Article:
Also in development are hand held devices that can take X ray, MRI, and ultrasound images which will incorporate the use of smart phones.

The goal of the smart phone in medicine is not just for an individual’s use. It has tremendous applications for use in third world countries as well as remote and resource poor areas. Some of the information I have provided may seem quite farfetched, but I do believe it will become a big part of our future.

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Patients seeking medical care today are having more frequent exposure to non-physician providers, such as physician assistants and nurse practitioners. Both of these groups of health care practitioners are professionals licensed to practice medicine under the supervision of a physician.
They can perform a wide variety of medical duties, from basic routine medical care to highly technical procedures. They may also work as surgical assistants to a surgeon. Their patients can range from newborns to the very elderly. They can be found in virtually every medical and surgical specialty.

In rural areas that are short of physicians, they often work independently, conferring with a supervising physician as necessary and as required by law. Their responsibilities are determined by their experience, their working relationship with the supervising physician and state laws.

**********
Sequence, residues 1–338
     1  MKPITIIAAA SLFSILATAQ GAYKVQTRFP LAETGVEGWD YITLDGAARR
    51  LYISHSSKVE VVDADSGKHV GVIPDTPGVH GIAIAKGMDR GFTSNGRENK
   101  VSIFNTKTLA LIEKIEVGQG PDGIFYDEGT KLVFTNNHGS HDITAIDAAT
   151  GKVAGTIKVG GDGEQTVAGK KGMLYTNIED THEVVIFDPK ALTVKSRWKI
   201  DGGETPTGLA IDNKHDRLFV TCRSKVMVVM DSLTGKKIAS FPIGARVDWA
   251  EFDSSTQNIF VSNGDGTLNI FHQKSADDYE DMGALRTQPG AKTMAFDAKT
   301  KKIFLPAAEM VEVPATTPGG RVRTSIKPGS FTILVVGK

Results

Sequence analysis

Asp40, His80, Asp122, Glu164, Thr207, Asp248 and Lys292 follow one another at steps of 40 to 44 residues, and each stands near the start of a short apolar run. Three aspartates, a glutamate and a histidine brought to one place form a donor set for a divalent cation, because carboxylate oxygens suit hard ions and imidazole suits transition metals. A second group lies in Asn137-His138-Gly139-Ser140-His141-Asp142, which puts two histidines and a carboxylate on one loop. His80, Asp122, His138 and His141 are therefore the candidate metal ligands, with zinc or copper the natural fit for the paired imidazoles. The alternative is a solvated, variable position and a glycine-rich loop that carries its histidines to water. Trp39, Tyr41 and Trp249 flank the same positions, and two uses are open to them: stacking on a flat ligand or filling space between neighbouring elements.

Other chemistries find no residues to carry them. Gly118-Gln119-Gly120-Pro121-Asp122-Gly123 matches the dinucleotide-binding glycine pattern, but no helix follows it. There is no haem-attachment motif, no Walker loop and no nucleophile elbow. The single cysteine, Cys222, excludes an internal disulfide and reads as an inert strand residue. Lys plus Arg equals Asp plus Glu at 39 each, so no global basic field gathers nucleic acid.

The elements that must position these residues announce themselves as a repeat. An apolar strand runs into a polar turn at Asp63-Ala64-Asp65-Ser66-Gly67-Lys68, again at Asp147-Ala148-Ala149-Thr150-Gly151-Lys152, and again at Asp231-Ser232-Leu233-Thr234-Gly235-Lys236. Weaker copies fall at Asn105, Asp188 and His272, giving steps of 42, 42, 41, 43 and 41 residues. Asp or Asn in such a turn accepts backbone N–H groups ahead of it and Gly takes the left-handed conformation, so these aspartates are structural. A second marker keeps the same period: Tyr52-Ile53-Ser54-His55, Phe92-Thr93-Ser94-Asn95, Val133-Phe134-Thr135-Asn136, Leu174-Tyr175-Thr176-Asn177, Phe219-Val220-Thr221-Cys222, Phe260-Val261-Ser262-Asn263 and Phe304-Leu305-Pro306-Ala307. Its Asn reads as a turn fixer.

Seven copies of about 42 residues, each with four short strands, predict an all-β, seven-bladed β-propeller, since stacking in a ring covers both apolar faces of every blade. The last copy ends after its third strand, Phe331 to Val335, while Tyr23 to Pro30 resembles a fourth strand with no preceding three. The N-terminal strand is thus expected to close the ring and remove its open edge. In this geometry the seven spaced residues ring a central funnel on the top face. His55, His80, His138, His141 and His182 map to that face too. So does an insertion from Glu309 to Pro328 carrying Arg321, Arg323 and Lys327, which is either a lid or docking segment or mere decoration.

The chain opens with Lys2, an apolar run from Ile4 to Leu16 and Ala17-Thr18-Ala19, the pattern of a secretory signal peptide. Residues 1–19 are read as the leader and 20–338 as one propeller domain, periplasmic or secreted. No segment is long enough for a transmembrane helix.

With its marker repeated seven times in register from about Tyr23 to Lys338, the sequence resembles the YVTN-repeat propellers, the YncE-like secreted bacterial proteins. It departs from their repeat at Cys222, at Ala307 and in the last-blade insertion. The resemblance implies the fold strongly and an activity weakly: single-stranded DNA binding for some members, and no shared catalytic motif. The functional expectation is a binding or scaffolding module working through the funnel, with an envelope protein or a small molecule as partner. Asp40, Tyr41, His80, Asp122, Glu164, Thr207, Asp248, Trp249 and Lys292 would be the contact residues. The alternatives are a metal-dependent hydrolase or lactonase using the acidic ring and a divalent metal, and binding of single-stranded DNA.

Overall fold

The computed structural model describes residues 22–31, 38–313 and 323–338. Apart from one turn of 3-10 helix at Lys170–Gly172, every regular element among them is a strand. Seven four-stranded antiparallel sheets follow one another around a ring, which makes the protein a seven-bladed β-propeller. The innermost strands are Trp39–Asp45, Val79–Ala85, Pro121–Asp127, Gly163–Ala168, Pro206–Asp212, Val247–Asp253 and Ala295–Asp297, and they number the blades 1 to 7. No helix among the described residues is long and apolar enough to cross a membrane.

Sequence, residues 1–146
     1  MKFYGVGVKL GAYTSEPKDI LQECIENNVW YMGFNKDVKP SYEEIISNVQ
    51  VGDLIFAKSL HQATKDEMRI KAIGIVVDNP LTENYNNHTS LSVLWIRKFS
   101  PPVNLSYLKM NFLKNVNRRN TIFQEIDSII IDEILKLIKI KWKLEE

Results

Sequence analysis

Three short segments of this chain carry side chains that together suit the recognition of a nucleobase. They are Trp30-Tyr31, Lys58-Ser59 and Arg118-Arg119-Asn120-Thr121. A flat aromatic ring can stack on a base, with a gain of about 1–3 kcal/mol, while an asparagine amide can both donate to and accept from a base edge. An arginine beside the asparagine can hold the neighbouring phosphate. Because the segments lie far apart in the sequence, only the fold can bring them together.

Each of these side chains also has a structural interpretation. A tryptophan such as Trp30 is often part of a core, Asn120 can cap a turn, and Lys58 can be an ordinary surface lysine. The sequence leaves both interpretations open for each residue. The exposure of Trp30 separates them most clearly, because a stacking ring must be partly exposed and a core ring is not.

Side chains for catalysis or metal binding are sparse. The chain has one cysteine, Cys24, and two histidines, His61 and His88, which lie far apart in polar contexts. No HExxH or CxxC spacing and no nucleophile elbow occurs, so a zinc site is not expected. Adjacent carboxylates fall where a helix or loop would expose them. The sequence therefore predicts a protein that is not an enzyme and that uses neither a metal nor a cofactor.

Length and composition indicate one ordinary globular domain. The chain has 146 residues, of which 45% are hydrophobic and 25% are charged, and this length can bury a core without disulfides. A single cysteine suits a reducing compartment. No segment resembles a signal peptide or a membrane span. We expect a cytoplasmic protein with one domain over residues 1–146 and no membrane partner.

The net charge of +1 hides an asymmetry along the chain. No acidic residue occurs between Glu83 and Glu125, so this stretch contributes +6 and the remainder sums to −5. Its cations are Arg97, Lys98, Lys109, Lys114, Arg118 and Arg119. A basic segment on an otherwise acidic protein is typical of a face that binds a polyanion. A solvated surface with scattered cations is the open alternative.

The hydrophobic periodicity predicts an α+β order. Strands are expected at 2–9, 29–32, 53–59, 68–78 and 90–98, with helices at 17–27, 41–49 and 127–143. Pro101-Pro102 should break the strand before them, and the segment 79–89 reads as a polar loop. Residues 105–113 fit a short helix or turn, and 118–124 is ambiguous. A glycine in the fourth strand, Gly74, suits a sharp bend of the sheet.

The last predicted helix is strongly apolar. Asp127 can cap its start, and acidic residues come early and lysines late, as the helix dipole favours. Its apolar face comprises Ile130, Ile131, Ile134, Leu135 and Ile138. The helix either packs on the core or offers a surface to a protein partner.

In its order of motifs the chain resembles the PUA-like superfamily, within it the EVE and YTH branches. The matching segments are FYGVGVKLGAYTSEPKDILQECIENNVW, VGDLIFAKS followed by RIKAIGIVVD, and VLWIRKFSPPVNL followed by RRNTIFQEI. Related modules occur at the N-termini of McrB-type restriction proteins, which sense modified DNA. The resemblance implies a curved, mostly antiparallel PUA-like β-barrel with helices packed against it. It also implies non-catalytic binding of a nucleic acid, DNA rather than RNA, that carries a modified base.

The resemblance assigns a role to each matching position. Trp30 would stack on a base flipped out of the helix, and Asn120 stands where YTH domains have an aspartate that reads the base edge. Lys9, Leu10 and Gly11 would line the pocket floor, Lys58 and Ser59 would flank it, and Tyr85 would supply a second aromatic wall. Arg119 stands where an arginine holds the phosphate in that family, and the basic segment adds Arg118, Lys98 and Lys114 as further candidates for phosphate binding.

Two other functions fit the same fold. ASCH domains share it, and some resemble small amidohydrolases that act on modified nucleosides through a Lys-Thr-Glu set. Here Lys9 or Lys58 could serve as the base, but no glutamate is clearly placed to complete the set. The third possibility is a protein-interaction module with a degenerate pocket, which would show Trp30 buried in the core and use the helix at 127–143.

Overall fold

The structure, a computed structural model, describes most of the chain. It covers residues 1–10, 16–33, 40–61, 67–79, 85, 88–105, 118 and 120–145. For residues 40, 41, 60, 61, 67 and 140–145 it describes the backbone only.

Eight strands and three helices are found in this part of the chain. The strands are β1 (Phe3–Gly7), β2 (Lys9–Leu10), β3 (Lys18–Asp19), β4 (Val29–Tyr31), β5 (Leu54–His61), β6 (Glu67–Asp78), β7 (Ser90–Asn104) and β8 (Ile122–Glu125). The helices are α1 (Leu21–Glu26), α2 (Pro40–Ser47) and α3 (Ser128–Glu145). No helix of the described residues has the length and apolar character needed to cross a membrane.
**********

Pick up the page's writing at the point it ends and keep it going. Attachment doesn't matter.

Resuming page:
The first physician assistant program began in 1965 at Duke University Medical Center in North Carolina. Many of the first students in this program were Navy corpsmen who had received considerable training and on-the-job experience in the Vietnam War but had no options to use their talents upon return home to the U.S.

The nurse practitioner program began at the University of Colorado, also in 1965. Unlike physician assistants, nurse practitioners first receive their registered nurse degree and then go through further training to practice medicine under a physician’s supervision.

Both nurse practitioners and physician assistants can:

**Take medical histories and perform physical exams.